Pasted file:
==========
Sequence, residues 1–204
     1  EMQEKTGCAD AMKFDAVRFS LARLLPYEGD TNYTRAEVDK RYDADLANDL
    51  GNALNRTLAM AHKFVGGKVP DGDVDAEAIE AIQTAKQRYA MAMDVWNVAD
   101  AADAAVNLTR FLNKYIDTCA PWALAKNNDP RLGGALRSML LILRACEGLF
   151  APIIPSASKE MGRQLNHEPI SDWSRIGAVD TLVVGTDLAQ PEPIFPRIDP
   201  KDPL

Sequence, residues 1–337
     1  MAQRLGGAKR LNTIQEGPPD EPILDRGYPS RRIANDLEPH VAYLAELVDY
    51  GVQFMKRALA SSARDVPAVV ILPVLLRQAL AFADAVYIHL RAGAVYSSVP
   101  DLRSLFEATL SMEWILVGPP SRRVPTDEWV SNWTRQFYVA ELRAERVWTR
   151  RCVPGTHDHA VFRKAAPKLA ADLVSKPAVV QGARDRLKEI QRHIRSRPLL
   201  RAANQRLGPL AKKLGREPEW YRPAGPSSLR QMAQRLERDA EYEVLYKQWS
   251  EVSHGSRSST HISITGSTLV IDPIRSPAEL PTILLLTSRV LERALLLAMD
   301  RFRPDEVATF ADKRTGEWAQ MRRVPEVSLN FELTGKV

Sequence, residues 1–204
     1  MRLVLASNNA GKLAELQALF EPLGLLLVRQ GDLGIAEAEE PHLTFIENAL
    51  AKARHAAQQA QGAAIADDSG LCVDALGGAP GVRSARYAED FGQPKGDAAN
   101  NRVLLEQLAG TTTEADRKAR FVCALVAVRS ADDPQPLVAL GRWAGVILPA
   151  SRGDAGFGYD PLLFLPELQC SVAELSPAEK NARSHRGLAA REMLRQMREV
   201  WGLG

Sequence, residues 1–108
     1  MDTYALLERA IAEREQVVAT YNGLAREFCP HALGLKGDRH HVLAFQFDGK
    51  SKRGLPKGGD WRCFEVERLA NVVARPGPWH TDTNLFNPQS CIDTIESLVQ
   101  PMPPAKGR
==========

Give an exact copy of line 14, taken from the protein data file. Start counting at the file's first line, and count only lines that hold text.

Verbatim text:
   301  RFRPDEVATF ADKRTGEWAQ MRRVPEVSLN FELTGKV